(2) (A) The members of each Council required to be appointed by the Secretary must be individuals who, by reason of their occupational or other experience, scientific expertise, or training, are knowledgeable regarding the conservation and management, or the commercial or recreational harvest, of the fishery resources of the geographical area concerned. Within nine months after the date of enactment of the Fishery Conservation Amendments of 1990, the Secretary shall, by regulation, prescribe criteria for determining whether an individual satisfies the requirements of this subparagraph.

(B) The Secretary, in making appointments under this section, shall, to the extent practicable, ensure a fair and balanced apportionment, on a rotating or other basis, of the active participants (or their representatives) in the commercial and recreational fisheries under the jurisdiction of the Council. On January 31, 1991, and each year thereafter, the Secretary shall submit to the Committee on Commerce, Science, and Transportation of the Senate and the Committee on Merchant Marine and Fisheries of the House of Representatives a report on the actions taken by the Secretary to ensure that such fair and balanced apportionment is achieved.

Important names and addresses

United States Secretary of State:

Secretary Condoleezza Rice
US Department of State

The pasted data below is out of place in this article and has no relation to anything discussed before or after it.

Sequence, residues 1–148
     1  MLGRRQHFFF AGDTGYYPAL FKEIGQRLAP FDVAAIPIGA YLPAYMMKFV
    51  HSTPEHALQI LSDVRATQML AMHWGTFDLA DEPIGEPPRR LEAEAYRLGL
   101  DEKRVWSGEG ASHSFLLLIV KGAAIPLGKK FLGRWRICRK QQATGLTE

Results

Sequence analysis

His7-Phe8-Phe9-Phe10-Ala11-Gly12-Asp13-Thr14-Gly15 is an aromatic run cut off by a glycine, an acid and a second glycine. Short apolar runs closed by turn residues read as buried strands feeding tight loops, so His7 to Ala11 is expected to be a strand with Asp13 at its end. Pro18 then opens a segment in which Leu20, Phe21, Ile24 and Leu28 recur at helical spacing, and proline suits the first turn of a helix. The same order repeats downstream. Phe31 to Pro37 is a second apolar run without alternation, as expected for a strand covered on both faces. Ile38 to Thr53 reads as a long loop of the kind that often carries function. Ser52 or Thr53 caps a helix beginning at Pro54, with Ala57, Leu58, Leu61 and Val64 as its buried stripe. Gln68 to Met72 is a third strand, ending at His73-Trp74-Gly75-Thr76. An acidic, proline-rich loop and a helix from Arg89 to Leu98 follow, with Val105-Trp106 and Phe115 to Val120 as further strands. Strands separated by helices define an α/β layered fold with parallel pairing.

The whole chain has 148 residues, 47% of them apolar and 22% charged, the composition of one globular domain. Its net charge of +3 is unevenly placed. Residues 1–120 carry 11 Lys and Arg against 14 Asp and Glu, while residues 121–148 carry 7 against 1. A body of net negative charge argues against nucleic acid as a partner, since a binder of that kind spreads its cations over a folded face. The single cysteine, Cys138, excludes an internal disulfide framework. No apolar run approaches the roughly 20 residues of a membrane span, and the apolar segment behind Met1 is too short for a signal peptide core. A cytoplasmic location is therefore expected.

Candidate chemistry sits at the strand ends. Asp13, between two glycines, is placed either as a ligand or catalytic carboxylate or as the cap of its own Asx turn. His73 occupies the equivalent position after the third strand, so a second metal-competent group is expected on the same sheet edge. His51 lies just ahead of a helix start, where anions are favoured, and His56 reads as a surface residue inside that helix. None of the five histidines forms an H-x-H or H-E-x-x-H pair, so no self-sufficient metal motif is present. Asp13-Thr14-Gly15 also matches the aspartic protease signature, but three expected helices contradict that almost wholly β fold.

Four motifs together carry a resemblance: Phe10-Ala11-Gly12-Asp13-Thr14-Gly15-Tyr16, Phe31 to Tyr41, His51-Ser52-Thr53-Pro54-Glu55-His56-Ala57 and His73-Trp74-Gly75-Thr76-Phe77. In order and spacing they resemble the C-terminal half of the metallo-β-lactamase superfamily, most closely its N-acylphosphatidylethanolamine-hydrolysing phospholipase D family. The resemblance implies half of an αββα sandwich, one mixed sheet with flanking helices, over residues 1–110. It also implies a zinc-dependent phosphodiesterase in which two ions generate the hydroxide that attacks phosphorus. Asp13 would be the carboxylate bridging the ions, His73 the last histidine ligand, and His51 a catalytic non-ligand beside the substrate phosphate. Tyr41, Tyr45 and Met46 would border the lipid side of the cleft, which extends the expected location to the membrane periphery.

2201 C Street NW
Washington, DC 20520

Fax: 202-647-2283
e-mail: (VERIFY)

United States Secretary of Commerce:

Secretary Carlos M. Gutierrez
Office of the Secretary – Mailstop 61
US Department of Commerce
14th and Constitution Avenue, NW
Washington, DC 20230

Phone: 202-482-2000
Fax: 202-482-2741

NOAA Fisheries:

William T. Hogarth
Assistant Administrator for Fisheries
National Oceanic and Atmospheric Administration
1315 East West Highway
14th Floor
Silver Spring, MD 20910

Phone: 301-713-2239
Fax: 301-713-1940

Alaska Senator Ted Stevens:

The Honorable Ted Stevens
United States Senate
522 Hart Senate Office Building
Washington, DC 20510

Phone: 202-224-3004
Fax: 202-224-2354
e-mail webform:

Alaska Senator Lisa Murkowski:

The Honorable Lisa Murkowski
United States Senate
709 Hart Senate Office Building
Washington, DC 20510

Phone: 202-224-6665 Toll free (Anchorage) 877-829-6030
Fax: 202-224-5301
e-mail webform:

Alaska Governor Sarah Palin

Juneau Office:
Governor Sarah Palin
P.O. Box 110001
Juneau, AK 99811-0001

Phone: 907-465-3520
Fax: 907-465-5400

Anchorage Office:

550 W 7th Avenue
Suite 1700
Anchorage, AK 99501
Phone: 907-269-7460
Fax: 907-269-0263

A blog for sharing and gathering information.

I have created this blog for the use and enjoyment of those of you who would like a place to gather and share information. I will let you know the address and requirements for posting your own comments. I will get this up and running ASAP.
Thanks, gary